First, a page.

Bank of Canada’s decision tomorrow might surprise financial market participants. While the consensus is that the central bank will leave rates unchanged, there is a growing possibility that a rate hike might be possible.
Tomorrow is the one trading day of the week all financial market participants await, as two central banks are due to release their monetary policy decisions. This is especially true for currency traders, as the FX market is the one that best reflects changes in interest rate decisions.
The Bank of Canada and the Federal Reserve of the United States will release their statements tomorrow, a few hours apart. While the Federal Reserve is unlikely to hike the federal funds rate because of the ongoing tapering, things are different in the Bank of Canada’s case.
Currently, the consensus is that the Bank of Canada will leave its monetary policy unchanged. That is, it will leave its policy interest rate at 0.25%.
However, according to a Reuters poll, there is a 23% chance that the central bank will surprise markets with a rate hike. Are there any reasons that might support a rate hike? Here are three:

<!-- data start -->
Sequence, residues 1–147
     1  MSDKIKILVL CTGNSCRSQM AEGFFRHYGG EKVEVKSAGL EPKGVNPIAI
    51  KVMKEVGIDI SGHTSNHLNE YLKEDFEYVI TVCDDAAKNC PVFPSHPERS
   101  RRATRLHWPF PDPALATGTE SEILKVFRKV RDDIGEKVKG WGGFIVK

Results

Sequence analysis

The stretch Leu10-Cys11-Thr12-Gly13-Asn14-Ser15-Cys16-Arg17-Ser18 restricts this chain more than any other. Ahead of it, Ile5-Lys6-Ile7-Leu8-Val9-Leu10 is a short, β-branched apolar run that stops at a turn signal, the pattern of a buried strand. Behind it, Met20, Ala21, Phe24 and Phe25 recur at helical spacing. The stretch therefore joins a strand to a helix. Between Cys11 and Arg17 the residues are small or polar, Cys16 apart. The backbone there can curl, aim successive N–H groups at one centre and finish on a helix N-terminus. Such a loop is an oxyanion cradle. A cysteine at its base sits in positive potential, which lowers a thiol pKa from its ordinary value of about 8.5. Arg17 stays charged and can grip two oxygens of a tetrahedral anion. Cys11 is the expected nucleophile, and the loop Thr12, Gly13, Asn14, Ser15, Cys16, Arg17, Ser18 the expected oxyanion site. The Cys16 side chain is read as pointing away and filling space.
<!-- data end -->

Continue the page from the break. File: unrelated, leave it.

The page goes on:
- Employment is at record levels
- Inflation is at a three-decade high
- COVID-19 restrictions to be eased at the end of the month
Record employment levels
The Bank of Canada was one of the first central banks in the developed world to end the monetary stimulus needed during the COVID-19 pandemic. After quantitative easing came to an abrupt end in the late part of 2021, the economy continued to add new jobs.
Currently, a record number of 19.4 million people are employed in Canada – a fact supporting the case for a rate hike at tomorrow’s meeting.
Inflation sits at 30-year highs
Just like in other developed economies, inflation in Canada is rising fast. It has recently reached a three-decade high – another incentive for the Bank of Canada to hike rates sooner rather than later.
COVID-19 restrictions to be eased
Finally, COVID-19 restrictions are set to ease in Canada at the end of the month. There is a three-step plan in place for a gradual reopening starting with January 31, and a full reopening of economic activity should warrant the start of a tightening cycle.